“Diego, hey baby,” Dirk said over the throng to a hot bear of a Latino man behind the bar. His tatts shone even in the subtle colored lighting, and sweat glistened against the hair on his chest. I wanted to touch it, to feel the hair, the wet heat of the man’s body, but put I hands on the bar instead.
“Dirk, what, you babysitting tonight?” Diego asked with a raised eyebrow at me.
“Nah, we met outside and I invited him in to ride my cock.”
I nearly choked at the blatant way they spoke to each other, like no one else could hear though there were plenty of people at the bar. None of them even glanced up at the conversation. They simply lived their lives.
So, I decided to finally live mine.
“I don’t remember that kind of invitation,” I said, and then turned to Diego. “Can I get a Jack and Coke, and whatever he wants, please?”
“A boy after my own heart, even if he’s not after my cock,” Dirk said with a half grin. “I’ll take the same, D.”
“Who says I’m not after your c-cock?” The last word came out a little a little stutter, but I covered it by pulling out a stool and sitting down.
“Well, okay then.” Dirk took the drinks from Diego and handed one to me even as he waived off my cash and started a tab. “One question though…” he continued with a sideways glance at me.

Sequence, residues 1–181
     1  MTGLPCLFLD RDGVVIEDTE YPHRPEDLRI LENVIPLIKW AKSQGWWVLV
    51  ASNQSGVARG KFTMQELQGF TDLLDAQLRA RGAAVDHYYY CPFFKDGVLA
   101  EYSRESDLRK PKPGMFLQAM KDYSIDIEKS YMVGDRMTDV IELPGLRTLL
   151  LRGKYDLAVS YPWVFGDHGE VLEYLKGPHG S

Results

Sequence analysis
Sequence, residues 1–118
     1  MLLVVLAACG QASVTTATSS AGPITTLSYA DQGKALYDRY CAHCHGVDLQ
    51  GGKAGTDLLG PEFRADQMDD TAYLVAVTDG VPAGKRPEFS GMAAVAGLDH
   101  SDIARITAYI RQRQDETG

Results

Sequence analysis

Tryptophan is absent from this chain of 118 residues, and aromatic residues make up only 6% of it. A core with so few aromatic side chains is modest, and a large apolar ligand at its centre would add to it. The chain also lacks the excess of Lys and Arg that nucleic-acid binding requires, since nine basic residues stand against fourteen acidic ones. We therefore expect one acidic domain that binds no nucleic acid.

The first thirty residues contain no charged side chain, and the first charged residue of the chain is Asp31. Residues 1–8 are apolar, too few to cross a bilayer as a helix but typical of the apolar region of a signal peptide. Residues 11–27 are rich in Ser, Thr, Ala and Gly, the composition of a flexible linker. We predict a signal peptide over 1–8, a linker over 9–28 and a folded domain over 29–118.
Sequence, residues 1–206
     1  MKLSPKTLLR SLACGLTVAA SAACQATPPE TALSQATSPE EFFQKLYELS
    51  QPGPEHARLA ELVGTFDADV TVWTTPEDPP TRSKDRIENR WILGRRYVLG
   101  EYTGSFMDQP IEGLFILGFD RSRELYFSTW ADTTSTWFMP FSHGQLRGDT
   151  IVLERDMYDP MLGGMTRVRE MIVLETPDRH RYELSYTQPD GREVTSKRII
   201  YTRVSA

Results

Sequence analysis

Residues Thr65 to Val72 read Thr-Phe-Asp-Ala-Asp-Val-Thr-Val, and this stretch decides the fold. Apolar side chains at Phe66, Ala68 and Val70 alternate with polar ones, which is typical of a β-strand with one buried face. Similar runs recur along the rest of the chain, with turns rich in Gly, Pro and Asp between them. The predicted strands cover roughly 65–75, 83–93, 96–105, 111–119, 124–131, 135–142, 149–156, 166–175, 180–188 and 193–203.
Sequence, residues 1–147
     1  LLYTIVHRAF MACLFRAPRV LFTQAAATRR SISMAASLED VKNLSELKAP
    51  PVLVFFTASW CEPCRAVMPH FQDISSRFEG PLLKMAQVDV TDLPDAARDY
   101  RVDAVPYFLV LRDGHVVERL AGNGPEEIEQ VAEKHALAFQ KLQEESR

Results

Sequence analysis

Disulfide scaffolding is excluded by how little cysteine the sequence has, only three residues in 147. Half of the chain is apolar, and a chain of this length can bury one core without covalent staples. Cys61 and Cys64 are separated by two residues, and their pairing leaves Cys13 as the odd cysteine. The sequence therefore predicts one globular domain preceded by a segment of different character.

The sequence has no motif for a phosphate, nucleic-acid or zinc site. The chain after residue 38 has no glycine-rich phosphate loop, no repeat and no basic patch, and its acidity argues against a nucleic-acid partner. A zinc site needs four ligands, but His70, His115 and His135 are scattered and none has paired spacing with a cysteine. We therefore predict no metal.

“How many times have you stood out front of this place and not come in?”
I took a long drink, the Jack doing nothing yet to settle my nerves as I stared into its cool brown depths instead of letting my shame show.
“I always drove, so I could tell myself that I could turn in whenever I wanted. It’s not uncommon, man. Stepping outside of your head is fucking hard.”
Want more? Leave a comment and let me know.
About JP Barnaby
Award winning romance novelist, J. P. Barnaby has penned over a dozen books including the Working Boys series, the Little Boy Lost series, In the Absence of Monsters, and Aaron. As a bisexual woman, J.P. is a proud member of the GLBT community both online and in her small town on the outskirts of Chicago. A member of Mensa, she is described as brilliant but troubled, sweet but introverted, and talented but deviant. She spends her days writing software and her nights writing erotica, which is, of course, far more interesting. The spare time that she carves out between her career and her novels is spent reading about the concept of love, which, like some of her characters, she has never quite figured out for herself.
Web site: http://www.JPBarnaby.com
I have a number of paperbacks, most of which are signed, to giveaway. Over the between now (11 Mar 2017) and 31 Mar 2017, every comment on the blog (this post and all other new posts), will be entered to win 1 of these paperbacks. There are also some misc swag items, so there will be a few packs of these to give away as well.
Thank you so much for your support over the last 4 years. Prism will be closing its doors on 1 April 2017. All content will remain available, but no new content will appear after 31 Mar 2017. As such all request forms have been turned off. Again Thank you,
|This post may contain affiliate links.
|Prism Book Alliance® assumes no liability for the ownership of photos or content used in guest posts and interviews. The post author assumes all responsibility and liability for this content.|